Author(s): Sebhatu T, Alderborn G
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Abstract The aim of this study was to experimentally evaluate an equation for describing tablet tensile strength by studying relationships between the measured tensile strength and the calculated effective interparticulate contact area in tablets prepared from varying size fractions of amorphous and crystalline lactose at varying pressures. Amorphous lactose produced tablets of higher tensile strength than crystalline lactose and there was a tendency for reduced particle size to increase tablet strength. The tablet tensile strength correlated reasonably well with the effective area of contact for each material after compensation for a particle size-related intercept. It was thus concluded that the tensile strength equation under investigation reflects a structural property of the tablet which correlates with the tensile strength of the tablet. The slope of the tensile strength-contact area relationship differed between the materials and original particle size also had a small effect on this parameter. The results indicate thus also that the differences in compactability between amorphous and crystalline lactose are mainly the result of differences in bonding capacity, although differences in particle deformability also play a limited part.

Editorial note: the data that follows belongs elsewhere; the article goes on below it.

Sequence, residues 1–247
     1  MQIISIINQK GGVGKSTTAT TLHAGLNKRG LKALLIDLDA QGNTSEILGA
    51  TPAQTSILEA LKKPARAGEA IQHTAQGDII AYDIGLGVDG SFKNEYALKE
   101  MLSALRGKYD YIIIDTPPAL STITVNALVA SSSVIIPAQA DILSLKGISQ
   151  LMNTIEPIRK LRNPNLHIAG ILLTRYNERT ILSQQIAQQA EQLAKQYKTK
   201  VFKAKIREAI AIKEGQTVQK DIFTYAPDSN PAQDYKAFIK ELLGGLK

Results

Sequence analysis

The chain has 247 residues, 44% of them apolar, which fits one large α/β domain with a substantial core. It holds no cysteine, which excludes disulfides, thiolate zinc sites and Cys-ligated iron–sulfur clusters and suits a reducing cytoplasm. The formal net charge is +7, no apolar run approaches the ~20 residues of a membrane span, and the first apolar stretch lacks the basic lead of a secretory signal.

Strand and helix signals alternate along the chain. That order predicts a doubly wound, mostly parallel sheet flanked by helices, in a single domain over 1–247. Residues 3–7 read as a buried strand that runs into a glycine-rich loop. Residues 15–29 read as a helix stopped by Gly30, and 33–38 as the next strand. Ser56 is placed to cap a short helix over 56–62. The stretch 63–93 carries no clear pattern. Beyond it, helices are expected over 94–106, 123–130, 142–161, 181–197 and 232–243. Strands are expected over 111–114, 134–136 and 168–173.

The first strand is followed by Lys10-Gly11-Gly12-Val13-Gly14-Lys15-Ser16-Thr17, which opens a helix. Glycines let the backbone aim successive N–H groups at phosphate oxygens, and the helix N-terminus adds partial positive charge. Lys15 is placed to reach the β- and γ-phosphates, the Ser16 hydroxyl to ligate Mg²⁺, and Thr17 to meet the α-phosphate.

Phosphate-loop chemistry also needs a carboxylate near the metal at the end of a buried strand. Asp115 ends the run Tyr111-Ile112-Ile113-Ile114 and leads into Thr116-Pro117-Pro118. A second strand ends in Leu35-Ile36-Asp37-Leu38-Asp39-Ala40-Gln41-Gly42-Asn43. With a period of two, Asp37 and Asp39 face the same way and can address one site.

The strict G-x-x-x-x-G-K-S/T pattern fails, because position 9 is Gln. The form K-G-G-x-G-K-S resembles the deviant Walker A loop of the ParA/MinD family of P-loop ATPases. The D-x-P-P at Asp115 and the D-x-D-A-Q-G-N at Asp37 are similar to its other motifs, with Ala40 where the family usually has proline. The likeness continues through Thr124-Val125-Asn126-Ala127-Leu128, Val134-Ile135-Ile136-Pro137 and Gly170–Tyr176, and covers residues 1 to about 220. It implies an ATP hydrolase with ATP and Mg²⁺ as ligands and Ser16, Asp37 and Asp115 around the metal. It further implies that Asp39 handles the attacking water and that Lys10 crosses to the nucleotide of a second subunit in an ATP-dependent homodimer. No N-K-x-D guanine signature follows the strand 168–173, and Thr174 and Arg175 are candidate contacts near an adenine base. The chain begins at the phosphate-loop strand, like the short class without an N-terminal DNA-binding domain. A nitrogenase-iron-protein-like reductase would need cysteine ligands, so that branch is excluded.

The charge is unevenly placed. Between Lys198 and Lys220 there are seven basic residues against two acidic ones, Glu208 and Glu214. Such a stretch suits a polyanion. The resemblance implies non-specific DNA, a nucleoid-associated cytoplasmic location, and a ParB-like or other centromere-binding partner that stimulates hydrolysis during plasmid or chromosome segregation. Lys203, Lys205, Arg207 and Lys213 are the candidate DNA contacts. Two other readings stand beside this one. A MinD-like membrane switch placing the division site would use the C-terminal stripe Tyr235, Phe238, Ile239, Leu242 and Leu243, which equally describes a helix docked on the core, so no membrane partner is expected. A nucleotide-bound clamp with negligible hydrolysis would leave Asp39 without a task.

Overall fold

This article was published in Eur J Pharm Sci
and referenced in Journal of Chemical Engineering & Process Technology